Born Irving Conrad Ashby, 29 December 1920, Somerville, Massachusetts
During the rock & roll era, Irving Ashby was a prolific session guitarist in and around Los Angeles, where he worked as a freelance musician. But like so many session players on R&R records, he was basically a jazzman, who had to adapt to the Big Beat in order to pay the bills. Irving Ashby was in demand primarily for his solid rhythm playing, but he was also a very adept soloist.
Ashby began playing guitar at age nine. As a teenager he played with local bands in around his hometown Somerville. In 1940 he joined Lionel Hampton's band and continued playing with Hampton for two years. Ashby is the guitarist on Hampton's influential "Flying Home" (1942), which is usually credited to sax man Illinois Jacquet. In 1947 he joined Nat 'King' Cole's Trio, replacing Oscar Moore, and recorded prolifically with the Trio until he settled permanently in Perris, California, in 1951. He joined Oscar Peterson's trio in 1952 and was a prominent member of Norman Granz's Jazz at the Philharmonic at that time. He also led his own sextet, with which he recorded for the United Artists label, and was active as a teacher, publishing a guitar instruction book in the process.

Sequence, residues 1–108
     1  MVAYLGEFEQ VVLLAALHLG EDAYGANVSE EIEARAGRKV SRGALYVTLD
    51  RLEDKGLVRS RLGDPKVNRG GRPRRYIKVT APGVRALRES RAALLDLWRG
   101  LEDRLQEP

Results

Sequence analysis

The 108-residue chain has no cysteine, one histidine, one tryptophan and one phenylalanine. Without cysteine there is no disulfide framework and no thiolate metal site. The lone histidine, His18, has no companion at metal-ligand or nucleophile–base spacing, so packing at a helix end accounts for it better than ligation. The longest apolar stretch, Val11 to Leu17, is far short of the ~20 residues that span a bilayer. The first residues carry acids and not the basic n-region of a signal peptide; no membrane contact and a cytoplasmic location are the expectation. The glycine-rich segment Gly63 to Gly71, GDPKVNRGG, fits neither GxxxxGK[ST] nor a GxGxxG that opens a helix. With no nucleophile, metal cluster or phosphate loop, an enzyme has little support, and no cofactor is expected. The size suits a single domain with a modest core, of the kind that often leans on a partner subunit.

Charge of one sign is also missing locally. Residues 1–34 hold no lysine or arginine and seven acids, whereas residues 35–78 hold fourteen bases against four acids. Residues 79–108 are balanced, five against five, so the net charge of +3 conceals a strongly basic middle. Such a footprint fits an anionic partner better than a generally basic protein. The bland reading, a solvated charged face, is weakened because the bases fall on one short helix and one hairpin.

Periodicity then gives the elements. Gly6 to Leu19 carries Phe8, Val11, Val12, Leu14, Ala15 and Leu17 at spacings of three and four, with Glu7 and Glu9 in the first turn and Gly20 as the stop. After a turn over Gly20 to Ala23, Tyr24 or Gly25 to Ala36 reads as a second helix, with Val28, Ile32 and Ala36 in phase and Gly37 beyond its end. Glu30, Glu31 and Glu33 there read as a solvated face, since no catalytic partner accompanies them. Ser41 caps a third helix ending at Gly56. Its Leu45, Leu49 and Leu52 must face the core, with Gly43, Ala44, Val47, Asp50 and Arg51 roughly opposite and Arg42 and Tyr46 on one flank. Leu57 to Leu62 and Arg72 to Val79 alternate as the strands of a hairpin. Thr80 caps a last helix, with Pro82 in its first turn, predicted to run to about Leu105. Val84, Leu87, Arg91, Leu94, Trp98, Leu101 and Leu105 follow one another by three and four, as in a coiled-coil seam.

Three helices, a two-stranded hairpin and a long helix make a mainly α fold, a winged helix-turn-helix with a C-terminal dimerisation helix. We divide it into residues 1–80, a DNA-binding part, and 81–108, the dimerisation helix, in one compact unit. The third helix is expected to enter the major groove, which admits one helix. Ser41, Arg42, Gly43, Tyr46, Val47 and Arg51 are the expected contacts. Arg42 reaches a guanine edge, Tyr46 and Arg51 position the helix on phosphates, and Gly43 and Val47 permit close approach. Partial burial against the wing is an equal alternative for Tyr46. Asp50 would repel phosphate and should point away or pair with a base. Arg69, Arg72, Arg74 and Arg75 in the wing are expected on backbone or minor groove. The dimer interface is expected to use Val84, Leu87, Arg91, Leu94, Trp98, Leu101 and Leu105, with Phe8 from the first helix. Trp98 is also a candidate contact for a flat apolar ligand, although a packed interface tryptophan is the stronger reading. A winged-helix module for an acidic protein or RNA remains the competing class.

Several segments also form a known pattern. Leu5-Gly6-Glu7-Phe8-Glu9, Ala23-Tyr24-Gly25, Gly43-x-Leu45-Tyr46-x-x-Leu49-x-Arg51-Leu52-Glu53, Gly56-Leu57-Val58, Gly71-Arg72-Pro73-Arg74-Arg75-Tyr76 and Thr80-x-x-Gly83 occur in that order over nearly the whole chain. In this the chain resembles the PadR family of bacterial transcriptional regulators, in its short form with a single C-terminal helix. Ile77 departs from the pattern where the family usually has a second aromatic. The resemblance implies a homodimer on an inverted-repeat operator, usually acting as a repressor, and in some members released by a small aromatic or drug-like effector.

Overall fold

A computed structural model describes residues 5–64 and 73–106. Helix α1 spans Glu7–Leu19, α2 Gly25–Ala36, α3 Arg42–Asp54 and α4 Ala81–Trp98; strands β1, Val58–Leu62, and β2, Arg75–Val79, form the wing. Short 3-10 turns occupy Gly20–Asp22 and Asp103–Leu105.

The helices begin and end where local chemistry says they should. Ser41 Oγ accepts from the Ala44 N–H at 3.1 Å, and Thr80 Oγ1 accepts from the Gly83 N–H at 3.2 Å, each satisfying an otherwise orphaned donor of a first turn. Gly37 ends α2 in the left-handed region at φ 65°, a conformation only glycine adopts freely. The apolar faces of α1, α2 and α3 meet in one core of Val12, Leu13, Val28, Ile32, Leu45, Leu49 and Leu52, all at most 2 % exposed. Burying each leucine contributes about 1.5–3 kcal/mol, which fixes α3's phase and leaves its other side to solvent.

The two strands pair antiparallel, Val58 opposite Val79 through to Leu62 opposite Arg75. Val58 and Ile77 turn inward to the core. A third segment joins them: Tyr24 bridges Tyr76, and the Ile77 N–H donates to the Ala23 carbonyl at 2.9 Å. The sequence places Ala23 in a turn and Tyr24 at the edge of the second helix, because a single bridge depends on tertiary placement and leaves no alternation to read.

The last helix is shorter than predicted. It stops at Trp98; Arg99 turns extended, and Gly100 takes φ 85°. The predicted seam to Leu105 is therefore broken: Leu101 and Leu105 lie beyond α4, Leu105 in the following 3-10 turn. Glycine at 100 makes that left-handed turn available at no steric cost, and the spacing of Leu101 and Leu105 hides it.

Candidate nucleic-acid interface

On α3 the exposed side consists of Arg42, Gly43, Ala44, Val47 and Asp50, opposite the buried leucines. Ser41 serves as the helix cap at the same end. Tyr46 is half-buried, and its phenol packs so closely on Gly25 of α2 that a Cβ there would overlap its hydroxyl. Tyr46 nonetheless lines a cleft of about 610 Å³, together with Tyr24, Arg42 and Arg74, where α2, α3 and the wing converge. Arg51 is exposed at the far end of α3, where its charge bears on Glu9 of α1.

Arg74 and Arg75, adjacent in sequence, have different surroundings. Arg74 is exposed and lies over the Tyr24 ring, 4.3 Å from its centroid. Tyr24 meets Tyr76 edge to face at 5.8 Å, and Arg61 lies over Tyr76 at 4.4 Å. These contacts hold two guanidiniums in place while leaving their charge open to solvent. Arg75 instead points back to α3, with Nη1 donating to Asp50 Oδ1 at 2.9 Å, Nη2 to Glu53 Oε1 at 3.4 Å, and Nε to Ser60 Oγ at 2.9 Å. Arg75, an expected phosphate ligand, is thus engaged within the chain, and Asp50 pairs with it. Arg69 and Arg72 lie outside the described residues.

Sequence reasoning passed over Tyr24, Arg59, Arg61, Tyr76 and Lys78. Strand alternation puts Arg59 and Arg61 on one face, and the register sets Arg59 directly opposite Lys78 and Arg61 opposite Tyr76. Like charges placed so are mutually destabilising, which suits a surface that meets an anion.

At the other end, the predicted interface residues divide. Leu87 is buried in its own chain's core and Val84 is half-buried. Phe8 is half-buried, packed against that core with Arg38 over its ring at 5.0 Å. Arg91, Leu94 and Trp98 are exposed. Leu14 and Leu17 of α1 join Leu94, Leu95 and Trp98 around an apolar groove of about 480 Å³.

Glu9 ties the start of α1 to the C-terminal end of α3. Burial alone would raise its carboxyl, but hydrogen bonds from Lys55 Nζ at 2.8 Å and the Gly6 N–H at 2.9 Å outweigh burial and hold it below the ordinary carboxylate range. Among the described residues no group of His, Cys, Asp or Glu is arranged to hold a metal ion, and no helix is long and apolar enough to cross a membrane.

In the mid and late 50's Ashby was more often found in the recording studios, both as a guitarist and an upright bass player. For Imperial Records he played on many instrumental recordings, first with the Ernie Freeman Combo (biggest hit: "Raunchy"), later with drummer Sandy Nelson. Ashby also recorded instrumentals under his own name, including a fine version of "Big Guitar". His 1957-58 recordings for Imperial, usually with Plas Johnson on sax, still await reissue (as do his earlier R&B recordings on Enterprise with Bumps Myers). Some of the many (non-jazz) artists Ashby has backed: Joe Turner, Larry Williams, Sheb Wooley, LaVern Baker, B.B. King, Pat Boone, Jody Reynolds, Chan Romero, Amos Milburn, Perez Prado, Louis Jordan, Meade Lux Lewis, Marvin and Johnny, Helen Humes. By the 60's Ashby was also working outside the music field, but continued playing from time to time, sometimes brought back into the limelight by various guitarists whom he had strongly influenced, such as Howard Roberts.
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